But what is important for our purposes is the impact that intelligent video game characters can have on humans.  In previous articles, we were talking about the mirroring and modeling that could occur as a result of humans interacting with computers, robots and other complex machines.  The defined, discrete, angular processes of these machines cause humans to feel there is something imperfect about their own flowing, blendable , continual animal-like movements, and this impact from the machines gradually causes the humans to subtly and unconsciously model themselves after the machines.

            Now we are going to be dealing with what are, in effect, vacuumized substance-less technological figures that people will experience not through external world reality, but through screen reality.  And I am sure that the “Social Al” software will never simply remain a research tool.  Some way will be found to commercialize it and make it available to the general public.  Somehow, these semi-independently operating video characters can potentially, in their own way, have as much effect on humans as the technological figures that are made of material substance: namely complex machines, computers and robots.

            The idea that an algorithm can give video characters the capacity for what will appear as spontaneous interaction will mean that the boundaries between these characters and humans will be considerably blurred.  Granted that these characters are cartoon-like, but the fact that they  have the capacity for human speech and will be speaking in English, and will have the capacity for what appears to be spontaneous social interaction, means that, in an important way, they are almost like an evolutionary offshoot of humans.

            Because they are apparently independently acting vaccumized anthropomorphic entities, these characters in “Social Al” have many similarities to spiritual beings in a spiritual world.  And this is different from more typical video images of humans in movies and television programs, because we know on one level that these video images are representations of complex behavioral entities – humans – that have an existence in external world reality.  “Social Al” characters are also different from traditional cartoon characters, because traditional cartoon characters have no capacity to act independently from those humans that have created them.  The whole existence of a traditional cartoon character resides in a fabricated narrative or a series of fabricated narratives that, once created, cannot be spontaneously altered by the character in any way.  To the extent that the character comes to life and acts across a flow of time, it is intrinsically embedded in its story or stories.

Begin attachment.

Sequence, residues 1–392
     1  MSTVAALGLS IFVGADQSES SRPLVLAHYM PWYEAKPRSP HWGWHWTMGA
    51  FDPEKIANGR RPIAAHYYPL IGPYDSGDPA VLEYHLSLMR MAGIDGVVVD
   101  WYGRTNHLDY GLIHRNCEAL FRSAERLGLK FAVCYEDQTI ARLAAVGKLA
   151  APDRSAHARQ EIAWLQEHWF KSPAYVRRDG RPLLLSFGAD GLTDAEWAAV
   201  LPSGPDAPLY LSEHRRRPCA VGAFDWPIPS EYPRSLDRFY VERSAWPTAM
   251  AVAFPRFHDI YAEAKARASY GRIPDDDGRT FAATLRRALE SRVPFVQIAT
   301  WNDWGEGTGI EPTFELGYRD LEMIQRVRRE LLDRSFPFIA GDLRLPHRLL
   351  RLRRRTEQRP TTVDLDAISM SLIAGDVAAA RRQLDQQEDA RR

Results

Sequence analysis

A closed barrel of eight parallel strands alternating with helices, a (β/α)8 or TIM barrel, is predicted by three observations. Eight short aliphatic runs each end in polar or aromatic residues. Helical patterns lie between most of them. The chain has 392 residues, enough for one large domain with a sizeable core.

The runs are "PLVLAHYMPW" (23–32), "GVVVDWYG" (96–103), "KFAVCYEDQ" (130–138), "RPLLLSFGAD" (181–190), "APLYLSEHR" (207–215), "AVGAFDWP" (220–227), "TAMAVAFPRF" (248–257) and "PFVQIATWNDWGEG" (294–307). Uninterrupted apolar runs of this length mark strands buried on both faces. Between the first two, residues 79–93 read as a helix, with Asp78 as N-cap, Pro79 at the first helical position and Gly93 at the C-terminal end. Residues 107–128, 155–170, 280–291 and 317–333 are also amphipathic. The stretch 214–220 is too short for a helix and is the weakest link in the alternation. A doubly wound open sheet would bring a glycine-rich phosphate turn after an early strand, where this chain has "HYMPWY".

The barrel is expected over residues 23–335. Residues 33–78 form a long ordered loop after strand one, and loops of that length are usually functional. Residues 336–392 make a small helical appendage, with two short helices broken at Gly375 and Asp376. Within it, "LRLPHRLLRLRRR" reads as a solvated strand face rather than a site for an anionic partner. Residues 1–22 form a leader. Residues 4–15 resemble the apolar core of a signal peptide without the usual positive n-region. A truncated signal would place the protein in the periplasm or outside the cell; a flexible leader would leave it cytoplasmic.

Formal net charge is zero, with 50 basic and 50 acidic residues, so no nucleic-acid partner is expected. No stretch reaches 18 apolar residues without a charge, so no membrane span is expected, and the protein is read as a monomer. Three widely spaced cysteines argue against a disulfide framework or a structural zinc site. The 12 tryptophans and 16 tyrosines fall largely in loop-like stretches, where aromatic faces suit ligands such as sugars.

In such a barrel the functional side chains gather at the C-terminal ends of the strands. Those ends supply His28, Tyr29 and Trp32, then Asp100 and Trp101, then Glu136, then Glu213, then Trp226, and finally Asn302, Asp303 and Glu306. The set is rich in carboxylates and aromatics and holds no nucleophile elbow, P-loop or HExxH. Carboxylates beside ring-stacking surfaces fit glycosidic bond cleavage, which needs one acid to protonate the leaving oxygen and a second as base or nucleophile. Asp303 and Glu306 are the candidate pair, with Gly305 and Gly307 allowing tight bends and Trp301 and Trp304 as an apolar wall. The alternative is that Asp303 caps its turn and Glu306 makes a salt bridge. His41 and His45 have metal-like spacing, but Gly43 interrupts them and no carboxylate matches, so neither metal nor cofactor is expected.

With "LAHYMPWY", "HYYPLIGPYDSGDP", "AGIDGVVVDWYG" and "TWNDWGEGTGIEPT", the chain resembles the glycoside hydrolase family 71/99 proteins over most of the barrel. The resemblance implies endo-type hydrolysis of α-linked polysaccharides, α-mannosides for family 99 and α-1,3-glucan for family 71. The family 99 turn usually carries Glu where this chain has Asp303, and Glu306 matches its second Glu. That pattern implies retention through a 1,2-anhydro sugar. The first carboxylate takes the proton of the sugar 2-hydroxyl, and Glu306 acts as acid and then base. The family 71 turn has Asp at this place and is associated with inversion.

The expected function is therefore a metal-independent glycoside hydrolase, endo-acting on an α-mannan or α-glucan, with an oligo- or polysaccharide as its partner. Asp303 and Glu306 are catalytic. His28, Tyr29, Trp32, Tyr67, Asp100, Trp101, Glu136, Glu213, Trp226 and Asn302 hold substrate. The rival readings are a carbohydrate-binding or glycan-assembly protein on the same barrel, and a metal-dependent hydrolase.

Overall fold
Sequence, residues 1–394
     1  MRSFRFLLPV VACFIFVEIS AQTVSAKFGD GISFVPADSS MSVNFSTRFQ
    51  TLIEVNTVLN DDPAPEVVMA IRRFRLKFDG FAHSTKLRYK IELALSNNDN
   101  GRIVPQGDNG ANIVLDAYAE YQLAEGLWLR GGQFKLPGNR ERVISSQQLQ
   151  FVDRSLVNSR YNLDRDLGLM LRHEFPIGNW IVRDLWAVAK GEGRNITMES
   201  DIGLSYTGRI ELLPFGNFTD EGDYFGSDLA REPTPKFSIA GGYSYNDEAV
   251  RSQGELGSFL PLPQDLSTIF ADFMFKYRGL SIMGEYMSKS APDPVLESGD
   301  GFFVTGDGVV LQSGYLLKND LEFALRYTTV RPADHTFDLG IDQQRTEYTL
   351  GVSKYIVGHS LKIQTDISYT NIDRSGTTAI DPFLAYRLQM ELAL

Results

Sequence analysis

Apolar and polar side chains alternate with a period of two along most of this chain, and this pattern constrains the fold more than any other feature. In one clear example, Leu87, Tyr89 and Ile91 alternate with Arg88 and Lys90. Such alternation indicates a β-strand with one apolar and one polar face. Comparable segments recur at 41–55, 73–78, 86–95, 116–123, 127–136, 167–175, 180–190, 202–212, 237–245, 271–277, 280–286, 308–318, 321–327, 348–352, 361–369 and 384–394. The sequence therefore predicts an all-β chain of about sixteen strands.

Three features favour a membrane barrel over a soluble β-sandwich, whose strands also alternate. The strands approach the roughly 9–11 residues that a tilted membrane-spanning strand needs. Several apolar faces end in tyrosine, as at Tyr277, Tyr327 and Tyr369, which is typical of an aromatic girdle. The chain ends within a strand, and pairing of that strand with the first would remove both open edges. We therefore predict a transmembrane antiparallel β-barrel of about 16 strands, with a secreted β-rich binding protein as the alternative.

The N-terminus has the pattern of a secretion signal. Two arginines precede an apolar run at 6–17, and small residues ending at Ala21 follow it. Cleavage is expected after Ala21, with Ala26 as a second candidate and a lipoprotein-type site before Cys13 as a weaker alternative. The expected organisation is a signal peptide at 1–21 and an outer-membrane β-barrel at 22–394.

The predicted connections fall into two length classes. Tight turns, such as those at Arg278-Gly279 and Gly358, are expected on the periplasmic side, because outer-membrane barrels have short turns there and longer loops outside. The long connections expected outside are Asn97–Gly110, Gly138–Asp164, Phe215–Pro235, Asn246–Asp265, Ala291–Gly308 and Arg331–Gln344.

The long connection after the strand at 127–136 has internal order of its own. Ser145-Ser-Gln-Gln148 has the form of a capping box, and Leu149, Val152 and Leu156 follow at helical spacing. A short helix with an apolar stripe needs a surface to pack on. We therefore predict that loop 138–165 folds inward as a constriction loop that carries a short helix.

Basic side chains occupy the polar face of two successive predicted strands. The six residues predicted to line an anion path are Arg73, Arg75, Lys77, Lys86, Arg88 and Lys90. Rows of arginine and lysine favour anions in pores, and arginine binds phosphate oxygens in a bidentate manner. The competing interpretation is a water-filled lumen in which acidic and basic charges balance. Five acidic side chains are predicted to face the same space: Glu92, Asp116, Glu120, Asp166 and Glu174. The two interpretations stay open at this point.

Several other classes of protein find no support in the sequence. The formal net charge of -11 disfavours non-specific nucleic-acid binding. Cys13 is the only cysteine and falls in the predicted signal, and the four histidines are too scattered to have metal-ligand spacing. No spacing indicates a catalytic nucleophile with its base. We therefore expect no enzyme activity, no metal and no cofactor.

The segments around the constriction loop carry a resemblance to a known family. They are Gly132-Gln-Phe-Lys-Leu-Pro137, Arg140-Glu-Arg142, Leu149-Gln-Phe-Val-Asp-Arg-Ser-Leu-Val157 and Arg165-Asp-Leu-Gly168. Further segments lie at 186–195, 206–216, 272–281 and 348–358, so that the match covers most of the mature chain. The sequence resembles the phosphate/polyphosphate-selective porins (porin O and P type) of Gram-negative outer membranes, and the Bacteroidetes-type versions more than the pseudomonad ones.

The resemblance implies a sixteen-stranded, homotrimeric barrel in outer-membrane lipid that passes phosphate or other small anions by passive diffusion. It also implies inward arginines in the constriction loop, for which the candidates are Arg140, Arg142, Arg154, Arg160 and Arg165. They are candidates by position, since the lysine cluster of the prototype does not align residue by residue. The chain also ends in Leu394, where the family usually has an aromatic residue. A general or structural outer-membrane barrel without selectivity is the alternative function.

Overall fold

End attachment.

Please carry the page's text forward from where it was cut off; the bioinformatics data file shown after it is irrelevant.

The software of “Social Al” has a potentially liberating effect for video game characters, freeing them from ongoing interventions by humans into the flow of their screen lives.  At the same time, it provides another whole category of complex behavioral entities to blur the boundaries as to what is human and to potentially diminish the intrinsic humanity of humans.